( Triglycerides, High; Hypertriglyceridemia; Hyperlipidemia; Dyslipidemia)
- Excess triglyceride production in the body, usually related to genetics
- Excess ingestion of triglycerides from food sources
- Kidney problems
- Liver disease
- A family history of hyperlipidemia
- A diet high in saturated fat, trans fat, and cholesterol
- Postmenopause in women
- Lack of exercise
- Excess alcohol intake
- Certain conditions, including:
- Certain medications, such as birth control pills and isotretinoin, which is used to treat acne
- Abdominal pain
- Nausea and vomiting—associated with acute pancreatitis
|Blood Vessel with Atherosclerosis|
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- Total cholesterol
- LDL (bad cholesterol)
- HDL (good cholesterol)
- Family history of hyperlipidemia
- Risk factor or disease that may cause hyperlipidemia
- Complication that may result from hyperlipidemia
- Eating a diet low in total fat, saturated fat, and cholesterol
- Avoiding alcohol or drinking alcohol in moderation
- Eating more high-fiber foods
- Have cholesterol tests starting at age 20—or younger if you have risk factors.
- Eat a diet low in total fat, saturated fat, and cholesterol.
- If you smoke, talk to your doctor about ways to quit.
- Drink alcohol in moderation—two drinks per day for men and one drink per day for women.
- Maintain a healthy weight.
- Exercise regularly. Talk with your doctor first.
- If you have diabetes , control your blood sugar.
- Talk to your doctor about medications you are taking. Some may have side effects that cause high triglyceride levels .
American Heart Association http://www.heart.org
Vascular Web http://www.vascularweb.org
Canadian Cardiovascular Society http://www.ccs.ca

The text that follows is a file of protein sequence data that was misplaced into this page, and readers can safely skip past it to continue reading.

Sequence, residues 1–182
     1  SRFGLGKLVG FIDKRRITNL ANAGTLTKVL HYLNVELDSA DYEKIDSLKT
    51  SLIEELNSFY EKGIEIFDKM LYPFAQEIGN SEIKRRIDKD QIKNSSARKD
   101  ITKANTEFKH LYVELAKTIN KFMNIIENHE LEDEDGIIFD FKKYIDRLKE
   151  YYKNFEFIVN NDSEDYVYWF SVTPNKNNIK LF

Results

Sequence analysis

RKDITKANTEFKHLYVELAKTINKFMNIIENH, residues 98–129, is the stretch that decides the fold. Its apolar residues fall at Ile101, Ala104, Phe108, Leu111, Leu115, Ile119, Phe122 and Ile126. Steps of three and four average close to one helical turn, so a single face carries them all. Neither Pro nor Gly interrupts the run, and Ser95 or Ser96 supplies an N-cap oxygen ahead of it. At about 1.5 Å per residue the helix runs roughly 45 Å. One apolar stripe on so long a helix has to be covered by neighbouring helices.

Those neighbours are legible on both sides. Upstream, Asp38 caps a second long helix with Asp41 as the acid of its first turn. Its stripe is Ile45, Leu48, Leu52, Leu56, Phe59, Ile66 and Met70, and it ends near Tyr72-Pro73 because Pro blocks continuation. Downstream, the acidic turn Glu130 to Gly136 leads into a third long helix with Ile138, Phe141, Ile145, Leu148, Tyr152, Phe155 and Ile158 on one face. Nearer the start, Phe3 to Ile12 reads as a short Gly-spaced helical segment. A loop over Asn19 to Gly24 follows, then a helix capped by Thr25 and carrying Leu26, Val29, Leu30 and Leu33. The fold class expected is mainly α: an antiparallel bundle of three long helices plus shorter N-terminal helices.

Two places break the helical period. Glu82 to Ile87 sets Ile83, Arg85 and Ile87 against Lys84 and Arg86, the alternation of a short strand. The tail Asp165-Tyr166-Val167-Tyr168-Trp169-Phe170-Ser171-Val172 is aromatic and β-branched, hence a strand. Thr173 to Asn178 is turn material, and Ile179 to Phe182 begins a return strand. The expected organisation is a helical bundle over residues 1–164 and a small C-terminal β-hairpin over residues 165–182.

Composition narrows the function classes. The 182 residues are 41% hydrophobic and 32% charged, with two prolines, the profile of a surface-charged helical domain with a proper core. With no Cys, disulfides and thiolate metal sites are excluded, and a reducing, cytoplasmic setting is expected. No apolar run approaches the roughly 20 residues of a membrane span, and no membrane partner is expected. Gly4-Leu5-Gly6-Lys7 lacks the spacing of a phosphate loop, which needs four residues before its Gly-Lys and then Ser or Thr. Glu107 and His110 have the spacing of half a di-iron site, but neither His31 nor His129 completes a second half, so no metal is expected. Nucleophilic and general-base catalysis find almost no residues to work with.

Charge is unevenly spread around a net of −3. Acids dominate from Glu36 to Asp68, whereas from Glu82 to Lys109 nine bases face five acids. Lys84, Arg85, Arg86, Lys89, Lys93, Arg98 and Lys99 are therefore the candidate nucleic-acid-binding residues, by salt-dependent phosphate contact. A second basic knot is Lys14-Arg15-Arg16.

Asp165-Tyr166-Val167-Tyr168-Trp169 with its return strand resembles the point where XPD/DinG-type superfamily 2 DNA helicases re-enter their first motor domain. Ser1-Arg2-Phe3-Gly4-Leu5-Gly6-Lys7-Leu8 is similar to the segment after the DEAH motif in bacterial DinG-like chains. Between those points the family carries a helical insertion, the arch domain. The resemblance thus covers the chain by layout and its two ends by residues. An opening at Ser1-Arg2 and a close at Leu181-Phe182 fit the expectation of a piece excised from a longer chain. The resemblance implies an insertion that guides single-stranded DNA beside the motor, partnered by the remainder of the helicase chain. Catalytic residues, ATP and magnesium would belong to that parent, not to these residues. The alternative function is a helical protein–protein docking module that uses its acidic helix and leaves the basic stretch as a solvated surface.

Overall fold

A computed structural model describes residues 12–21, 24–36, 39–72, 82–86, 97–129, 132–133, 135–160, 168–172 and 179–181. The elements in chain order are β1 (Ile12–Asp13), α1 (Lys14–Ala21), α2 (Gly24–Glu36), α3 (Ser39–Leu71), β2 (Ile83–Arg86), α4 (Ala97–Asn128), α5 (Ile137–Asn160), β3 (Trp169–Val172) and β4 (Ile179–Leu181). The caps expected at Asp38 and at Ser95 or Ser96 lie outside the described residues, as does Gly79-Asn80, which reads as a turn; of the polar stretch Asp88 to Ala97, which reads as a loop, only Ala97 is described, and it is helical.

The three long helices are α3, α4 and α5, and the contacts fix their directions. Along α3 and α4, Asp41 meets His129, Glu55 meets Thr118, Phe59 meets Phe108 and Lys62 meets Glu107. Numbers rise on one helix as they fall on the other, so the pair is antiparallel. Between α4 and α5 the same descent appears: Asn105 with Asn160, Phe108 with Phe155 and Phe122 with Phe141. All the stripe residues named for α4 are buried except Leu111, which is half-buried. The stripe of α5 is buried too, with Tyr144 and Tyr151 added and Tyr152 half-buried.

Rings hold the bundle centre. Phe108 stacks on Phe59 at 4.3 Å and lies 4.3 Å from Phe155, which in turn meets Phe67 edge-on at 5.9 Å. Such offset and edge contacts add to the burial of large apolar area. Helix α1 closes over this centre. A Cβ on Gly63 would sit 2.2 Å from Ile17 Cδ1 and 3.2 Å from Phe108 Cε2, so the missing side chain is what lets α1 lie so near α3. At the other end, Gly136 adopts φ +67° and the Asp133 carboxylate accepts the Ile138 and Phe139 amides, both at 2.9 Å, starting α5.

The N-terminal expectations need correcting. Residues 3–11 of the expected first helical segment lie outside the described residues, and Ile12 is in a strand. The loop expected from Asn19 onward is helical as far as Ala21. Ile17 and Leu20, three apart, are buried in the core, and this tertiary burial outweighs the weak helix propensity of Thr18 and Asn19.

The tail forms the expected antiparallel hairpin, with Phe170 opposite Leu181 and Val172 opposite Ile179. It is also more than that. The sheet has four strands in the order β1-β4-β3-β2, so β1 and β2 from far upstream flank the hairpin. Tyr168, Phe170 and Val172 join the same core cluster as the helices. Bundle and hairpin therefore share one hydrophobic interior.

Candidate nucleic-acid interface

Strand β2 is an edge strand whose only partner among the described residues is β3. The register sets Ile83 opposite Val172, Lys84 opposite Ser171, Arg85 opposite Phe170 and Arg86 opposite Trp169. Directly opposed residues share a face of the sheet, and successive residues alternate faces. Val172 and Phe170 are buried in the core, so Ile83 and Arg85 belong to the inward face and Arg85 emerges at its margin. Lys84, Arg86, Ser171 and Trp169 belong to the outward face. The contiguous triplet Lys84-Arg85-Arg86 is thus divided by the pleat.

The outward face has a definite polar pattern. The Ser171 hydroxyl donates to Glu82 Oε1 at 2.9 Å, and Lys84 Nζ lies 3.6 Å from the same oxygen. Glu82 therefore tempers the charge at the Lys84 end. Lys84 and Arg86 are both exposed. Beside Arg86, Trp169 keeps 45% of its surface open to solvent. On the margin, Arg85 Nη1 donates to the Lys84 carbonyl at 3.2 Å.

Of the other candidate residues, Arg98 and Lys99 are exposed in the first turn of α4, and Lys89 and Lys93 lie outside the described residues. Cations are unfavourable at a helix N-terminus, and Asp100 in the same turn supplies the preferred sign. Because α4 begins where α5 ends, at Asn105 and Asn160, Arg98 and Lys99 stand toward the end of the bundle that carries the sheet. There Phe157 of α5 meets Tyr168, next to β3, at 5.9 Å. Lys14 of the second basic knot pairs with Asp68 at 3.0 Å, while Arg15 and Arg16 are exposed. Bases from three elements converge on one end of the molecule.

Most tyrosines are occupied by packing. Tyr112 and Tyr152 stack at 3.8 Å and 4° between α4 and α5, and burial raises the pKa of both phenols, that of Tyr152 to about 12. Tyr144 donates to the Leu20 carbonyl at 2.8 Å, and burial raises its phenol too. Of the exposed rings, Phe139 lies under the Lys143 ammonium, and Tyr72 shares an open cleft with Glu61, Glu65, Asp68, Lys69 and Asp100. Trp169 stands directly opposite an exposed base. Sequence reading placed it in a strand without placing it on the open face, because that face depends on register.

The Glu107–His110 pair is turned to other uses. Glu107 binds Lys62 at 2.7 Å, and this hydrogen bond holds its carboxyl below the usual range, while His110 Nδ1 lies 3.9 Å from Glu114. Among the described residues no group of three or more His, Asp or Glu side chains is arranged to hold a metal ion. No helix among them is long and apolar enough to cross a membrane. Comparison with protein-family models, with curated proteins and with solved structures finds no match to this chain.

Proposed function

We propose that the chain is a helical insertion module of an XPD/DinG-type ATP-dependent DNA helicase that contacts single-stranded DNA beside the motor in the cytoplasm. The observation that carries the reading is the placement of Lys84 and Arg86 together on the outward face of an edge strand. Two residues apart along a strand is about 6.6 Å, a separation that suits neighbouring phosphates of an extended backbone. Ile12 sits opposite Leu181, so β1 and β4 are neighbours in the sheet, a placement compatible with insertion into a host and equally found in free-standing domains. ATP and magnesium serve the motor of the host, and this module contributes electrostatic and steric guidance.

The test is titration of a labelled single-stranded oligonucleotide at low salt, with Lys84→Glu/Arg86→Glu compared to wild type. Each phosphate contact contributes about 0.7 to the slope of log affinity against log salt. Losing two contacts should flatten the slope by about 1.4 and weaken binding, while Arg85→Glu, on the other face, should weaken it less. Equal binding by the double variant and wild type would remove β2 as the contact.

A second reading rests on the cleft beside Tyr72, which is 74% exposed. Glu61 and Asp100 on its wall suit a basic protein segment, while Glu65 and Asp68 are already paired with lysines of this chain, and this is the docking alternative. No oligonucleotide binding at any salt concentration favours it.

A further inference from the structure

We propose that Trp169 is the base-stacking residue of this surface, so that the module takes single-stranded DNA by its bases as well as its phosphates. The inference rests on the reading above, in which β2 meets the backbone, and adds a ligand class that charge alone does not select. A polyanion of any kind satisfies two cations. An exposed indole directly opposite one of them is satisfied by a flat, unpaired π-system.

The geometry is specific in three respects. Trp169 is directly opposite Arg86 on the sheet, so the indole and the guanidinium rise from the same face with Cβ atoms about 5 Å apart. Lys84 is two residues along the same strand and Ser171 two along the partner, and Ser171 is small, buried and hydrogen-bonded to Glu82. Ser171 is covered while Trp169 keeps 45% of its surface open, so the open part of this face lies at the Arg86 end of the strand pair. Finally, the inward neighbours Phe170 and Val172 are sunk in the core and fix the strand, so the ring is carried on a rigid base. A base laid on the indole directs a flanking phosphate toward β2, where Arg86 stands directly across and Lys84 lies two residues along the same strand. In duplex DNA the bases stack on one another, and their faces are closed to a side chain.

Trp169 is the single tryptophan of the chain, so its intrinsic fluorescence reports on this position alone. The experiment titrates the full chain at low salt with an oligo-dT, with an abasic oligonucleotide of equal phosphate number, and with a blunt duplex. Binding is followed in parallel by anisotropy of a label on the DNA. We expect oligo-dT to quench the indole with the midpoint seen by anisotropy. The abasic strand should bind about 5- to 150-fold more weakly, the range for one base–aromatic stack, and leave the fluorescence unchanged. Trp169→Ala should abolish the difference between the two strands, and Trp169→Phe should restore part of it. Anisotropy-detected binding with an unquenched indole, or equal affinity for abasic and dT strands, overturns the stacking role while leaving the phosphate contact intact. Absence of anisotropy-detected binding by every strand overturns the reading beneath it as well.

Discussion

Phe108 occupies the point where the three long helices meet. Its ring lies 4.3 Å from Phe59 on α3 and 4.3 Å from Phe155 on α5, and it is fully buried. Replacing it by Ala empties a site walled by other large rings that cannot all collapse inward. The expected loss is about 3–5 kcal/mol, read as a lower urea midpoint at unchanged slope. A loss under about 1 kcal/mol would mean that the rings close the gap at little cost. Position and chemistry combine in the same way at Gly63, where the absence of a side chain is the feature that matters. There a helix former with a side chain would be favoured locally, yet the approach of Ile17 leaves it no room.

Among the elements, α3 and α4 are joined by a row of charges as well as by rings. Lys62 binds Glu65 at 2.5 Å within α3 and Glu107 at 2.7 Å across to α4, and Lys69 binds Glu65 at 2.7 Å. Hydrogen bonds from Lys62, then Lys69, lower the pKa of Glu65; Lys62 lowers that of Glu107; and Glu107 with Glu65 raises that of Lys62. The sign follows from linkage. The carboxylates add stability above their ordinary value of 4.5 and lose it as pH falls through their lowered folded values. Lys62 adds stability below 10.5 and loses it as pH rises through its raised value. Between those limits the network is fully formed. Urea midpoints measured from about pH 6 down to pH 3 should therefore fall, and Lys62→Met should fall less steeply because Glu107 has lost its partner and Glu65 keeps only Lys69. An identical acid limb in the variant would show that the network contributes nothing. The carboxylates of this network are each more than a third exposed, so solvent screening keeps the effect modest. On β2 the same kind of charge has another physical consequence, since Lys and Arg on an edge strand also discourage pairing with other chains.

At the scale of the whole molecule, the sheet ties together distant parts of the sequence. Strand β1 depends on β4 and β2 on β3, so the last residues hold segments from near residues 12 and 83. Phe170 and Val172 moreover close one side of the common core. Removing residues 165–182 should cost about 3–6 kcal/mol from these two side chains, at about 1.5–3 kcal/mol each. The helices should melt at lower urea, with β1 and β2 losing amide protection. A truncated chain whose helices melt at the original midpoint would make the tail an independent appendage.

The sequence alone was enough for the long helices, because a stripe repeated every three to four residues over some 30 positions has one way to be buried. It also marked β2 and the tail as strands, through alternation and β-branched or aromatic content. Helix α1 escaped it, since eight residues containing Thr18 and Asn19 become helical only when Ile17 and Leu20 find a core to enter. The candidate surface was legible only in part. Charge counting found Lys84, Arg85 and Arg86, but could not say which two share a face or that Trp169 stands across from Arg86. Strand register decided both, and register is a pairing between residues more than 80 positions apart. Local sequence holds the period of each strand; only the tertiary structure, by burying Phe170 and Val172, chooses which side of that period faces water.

Heart and Stroke Foundation of Canada http://www.heartandstroke.com
Hypertriglyceridemia. EBSCO DynaMed website. Available at: http://www.ebscohost.com/dynamed. Updated December 31, 2014. Accessed March 12, 2015.
Side effects of anti-HIV medications. National Institutes of Health website. Available at: http://aidsinfo.nih.gov/contentfiles/SideEffectAnitHIVMeds%5Fcbrochure%5Fen.pdf. Published October 2005. Accessed March 12, 2015.
What your cholesterol levels mean. American Heart Association website. Available at: http://www.heart.org/HEARTORG/Conditions/Cholesterol/AboutCholesterol/What-Your-Cholesterol-Levels-Mean%5FUCM%5F305562%5FArticle.jsp. Updated January 14, 2015. Accessed March 12, 2015.
7/22/2008 DynaMed Systematic Literature Surveillance http://www.ebscohost.com/dynamed: Daniels SR, Greer FR; Committee on Nutrition. Lipid screening and cardiovascular health in childhood. Pediatrics. 2008;122:198-208.
- Reviewer: Michael J. Fucci, DO
- Review Date: 03/2015 -
- Update Date: 05/02/2014 -
This content is reviewed regularly and is updated when new and relevant evidence is made available. This information is neither intended nor implied to be a substitute for professional medical advice. Always seek the advice of your physician or other qualified health provider prior to starting any new treatment or with questions regarding a medical condition.
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